Are we ready to host a meet? How much time really goes into hosting a meet? Can we host a meet even if our program is small? How can we prepare ourselves to host a meet?
Many of us use this time of year to recover from the long-course swimming season, get our calendars ready for the upcoming school year, and re-energize and refocus on the year ahead. So, do your busy life and the busy lives of your club members have room for a meet?
Kris Houchens, YMCA IndySwim Fit Head Coach, served as the 2009 Long Course National Championship Meet Director. She has hosted meets of various size and scope in the past and has now tested her meet director skills at one of the largest events held within U.S. Masters Swimming. Houchens has outlined her critique of IndySwim Fit’s performance in handling the championship meet, as well as offered a few pointers to anyone thinking, “I think my program could host a meet …”
Remember, Houchens chose one of the largest USMS events held. You do not have to commit your team to a big meet. Start small and host single-afternoon or even a single-event meet (maybe the mile) and take what you’ve learned and apply to larger events and competitions.
Houchens’s words of wisdom …
- It is not an impossible task. You can do it. Make the decision to host a meet and start planning … now.
- Surround yourself with good, knowledgeable people and let them do their thing.
- Pick your priorities and stick with them. Don't let the lesser things consume your time.
- Prepare, double check and triple check everything.
- At a certain point, you must switch gears and realize that the preparation is over and the show begins. Now being able to troubleshoot and resolve issues becomes the focus. There will be mistakes, regardless of how much you’ve prepared. Focus on solving the problem rather than figuring out who’s at fault.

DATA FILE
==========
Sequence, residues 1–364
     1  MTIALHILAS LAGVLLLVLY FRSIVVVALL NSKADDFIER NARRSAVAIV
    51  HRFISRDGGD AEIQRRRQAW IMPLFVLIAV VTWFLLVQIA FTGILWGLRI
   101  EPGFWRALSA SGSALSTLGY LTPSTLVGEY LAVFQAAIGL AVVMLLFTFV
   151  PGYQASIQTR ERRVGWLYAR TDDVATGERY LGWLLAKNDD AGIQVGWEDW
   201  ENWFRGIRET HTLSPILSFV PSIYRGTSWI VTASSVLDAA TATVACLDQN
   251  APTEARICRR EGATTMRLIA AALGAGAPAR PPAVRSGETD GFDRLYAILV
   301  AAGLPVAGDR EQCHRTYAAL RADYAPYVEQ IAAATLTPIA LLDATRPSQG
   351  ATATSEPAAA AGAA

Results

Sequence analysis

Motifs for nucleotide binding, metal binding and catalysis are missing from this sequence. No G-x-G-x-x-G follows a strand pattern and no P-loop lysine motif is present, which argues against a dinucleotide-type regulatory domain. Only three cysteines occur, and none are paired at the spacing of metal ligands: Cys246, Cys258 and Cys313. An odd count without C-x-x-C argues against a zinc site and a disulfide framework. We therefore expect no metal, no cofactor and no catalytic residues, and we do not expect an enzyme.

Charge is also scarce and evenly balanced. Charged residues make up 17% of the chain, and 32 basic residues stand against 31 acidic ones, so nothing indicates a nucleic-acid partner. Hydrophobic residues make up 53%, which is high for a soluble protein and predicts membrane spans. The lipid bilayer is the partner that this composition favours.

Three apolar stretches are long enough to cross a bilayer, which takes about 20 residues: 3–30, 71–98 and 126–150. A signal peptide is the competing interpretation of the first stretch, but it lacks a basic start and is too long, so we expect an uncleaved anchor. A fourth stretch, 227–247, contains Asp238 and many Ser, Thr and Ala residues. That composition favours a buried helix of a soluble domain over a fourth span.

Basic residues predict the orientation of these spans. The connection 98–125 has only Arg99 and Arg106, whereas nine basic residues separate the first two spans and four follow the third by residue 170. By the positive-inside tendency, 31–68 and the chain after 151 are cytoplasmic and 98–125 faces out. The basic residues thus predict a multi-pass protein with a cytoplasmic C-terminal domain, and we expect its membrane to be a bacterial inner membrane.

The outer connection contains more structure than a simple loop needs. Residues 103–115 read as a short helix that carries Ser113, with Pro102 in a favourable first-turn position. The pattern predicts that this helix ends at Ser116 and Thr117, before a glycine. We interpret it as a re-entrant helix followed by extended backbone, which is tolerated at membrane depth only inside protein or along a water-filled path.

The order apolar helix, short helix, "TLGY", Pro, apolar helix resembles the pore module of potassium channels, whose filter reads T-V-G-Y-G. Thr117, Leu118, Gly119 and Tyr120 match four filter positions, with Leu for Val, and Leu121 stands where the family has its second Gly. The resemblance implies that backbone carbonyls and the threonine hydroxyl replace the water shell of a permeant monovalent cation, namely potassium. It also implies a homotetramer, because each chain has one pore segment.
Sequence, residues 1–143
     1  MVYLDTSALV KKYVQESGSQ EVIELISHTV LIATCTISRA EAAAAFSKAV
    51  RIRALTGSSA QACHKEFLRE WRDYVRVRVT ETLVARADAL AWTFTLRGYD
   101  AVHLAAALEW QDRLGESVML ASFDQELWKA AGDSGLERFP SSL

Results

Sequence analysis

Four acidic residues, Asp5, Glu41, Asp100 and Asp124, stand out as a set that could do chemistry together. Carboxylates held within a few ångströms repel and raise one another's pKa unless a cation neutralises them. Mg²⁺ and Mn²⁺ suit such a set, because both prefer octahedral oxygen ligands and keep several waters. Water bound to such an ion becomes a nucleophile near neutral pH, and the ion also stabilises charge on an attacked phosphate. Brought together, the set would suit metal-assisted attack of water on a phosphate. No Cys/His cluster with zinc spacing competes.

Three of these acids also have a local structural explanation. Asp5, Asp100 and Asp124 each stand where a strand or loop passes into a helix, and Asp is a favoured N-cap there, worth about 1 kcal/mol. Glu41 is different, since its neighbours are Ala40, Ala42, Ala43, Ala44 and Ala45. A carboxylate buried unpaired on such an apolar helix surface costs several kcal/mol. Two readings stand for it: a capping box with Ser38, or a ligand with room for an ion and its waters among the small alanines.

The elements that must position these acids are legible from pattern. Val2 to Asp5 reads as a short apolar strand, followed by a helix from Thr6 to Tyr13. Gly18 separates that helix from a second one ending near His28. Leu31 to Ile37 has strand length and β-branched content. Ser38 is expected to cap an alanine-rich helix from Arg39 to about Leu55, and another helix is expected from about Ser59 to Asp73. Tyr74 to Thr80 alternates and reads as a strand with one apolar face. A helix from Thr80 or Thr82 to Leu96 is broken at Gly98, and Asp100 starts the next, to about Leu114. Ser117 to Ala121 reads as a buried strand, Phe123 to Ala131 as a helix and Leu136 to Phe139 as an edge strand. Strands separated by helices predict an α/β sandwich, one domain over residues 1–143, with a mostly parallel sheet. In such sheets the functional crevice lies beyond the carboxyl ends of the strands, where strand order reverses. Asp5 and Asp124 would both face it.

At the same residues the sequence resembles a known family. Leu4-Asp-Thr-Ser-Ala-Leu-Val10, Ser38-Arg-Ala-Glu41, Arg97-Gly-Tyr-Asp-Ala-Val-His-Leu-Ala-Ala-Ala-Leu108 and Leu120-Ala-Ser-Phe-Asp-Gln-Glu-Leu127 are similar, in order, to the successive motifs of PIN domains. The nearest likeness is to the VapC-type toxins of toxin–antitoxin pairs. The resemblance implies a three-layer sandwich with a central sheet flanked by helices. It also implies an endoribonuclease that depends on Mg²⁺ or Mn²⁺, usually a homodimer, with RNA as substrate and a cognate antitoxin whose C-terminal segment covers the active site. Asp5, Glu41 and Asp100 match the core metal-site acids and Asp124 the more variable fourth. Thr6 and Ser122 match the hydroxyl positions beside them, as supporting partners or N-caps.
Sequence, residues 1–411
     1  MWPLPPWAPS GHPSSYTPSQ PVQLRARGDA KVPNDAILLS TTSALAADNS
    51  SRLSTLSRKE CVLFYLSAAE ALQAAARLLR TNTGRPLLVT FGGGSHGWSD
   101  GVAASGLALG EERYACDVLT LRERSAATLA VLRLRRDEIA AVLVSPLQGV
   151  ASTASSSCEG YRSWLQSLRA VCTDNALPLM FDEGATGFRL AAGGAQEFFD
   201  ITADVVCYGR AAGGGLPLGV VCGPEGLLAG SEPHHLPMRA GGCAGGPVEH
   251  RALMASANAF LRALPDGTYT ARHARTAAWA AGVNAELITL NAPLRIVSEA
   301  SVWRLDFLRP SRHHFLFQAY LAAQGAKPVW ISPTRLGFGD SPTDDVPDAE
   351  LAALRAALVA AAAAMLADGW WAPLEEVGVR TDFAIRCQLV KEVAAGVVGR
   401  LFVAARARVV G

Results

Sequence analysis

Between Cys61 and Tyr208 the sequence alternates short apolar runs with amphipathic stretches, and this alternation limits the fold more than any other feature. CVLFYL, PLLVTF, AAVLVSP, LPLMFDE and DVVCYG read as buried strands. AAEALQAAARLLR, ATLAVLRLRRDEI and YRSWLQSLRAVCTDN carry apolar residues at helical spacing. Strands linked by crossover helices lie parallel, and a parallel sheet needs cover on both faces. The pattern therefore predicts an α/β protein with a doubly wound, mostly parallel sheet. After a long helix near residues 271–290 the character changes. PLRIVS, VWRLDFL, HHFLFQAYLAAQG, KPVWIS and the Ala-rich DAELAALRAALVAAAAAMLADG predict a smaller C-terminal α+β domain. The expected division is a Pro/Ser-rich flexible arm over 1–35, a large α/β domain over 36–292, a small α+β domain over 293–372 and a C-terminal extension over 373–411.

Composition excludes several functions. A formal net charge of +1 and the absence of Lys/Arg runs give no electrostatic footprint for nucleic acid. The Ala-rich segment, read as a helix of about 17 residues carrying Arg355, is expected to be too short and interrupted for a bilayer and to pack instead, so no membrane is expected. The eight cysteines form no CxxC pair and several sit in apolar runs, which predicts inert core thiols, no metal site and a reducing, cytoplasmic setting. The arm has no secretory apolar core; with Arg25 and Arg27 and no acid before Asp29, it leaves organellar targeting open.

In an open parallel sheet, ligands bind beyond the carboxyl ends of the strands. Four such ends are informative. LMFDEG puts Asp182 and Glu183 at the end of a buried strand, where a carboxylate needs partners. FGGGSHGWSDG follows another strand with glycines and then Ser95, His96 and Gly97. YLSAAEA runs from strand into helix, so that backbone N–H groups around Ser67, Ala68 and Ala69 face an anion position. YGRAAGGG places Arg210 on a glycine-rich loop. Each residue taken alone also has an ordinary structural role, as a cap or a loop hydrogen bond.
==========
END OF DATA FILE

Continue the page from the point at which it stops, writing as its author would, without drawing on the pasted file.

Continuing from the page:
- Accept compliments. If you’ve run a successful event, don’t be ashamed to receive a high-five or pat on the back.
Hosting a meet, or any other event, is no different than any other task in life. Prepare, execute, evaluate (determine successful elements and not-so-successful elements), and apply what you’ve learned to the next experience. Houchens knew that she was taking on a task of great magnitude. She prepared and executed and now shares her evaluation of her performance as Meet Director and of the meet overall.
Houchen’s evaluation of successful elements …
- The meet was on or ahead of the timeline each day.
- Officials were effective and did their jobs well.
- “Relay day” received a positive response from athletes and coaches; people enjoyed themselves and there were some great races.
- Volunteers were complimented on their knowledge and friendliness.
- Medical staff solved problems and reacted to situations professionally and to the best of their abilities.
- The meet included various extras that contributed to the overall experience for participants (the massage room was a crowd-pleaser and was full of athletes each day).
Houchens’s evaluation of elements to improve upon …
- Hospitality was unprepared for the number of participants being served.
- Relationships and agreements should have been secured in writing to avoid any misunderstandings.
- More research regarding vendors, menu options and deals may have allowed them to provide more bang for the buck.
- Medals were ordered before the total count of participants had been calculated, resulting in not enough medals for all of the deserving participants. The total number of participants should have been tallied prior to placing the order for awards.
Houchens and other meets hosts can attest that hosting a meet can be challenging for the host, the team, the facility, the coach and the community. However, if a host is willing to accept the challenge, learn from the experience and use knowledge to continue to improve, hosting a meet can be beneficial and rewarding.
So, are you ready to host a meet?
If you are, pull out your calendar, discuss your ideas with your team, your facility and your LMSC (Local Masters Swimming Committee) and get started!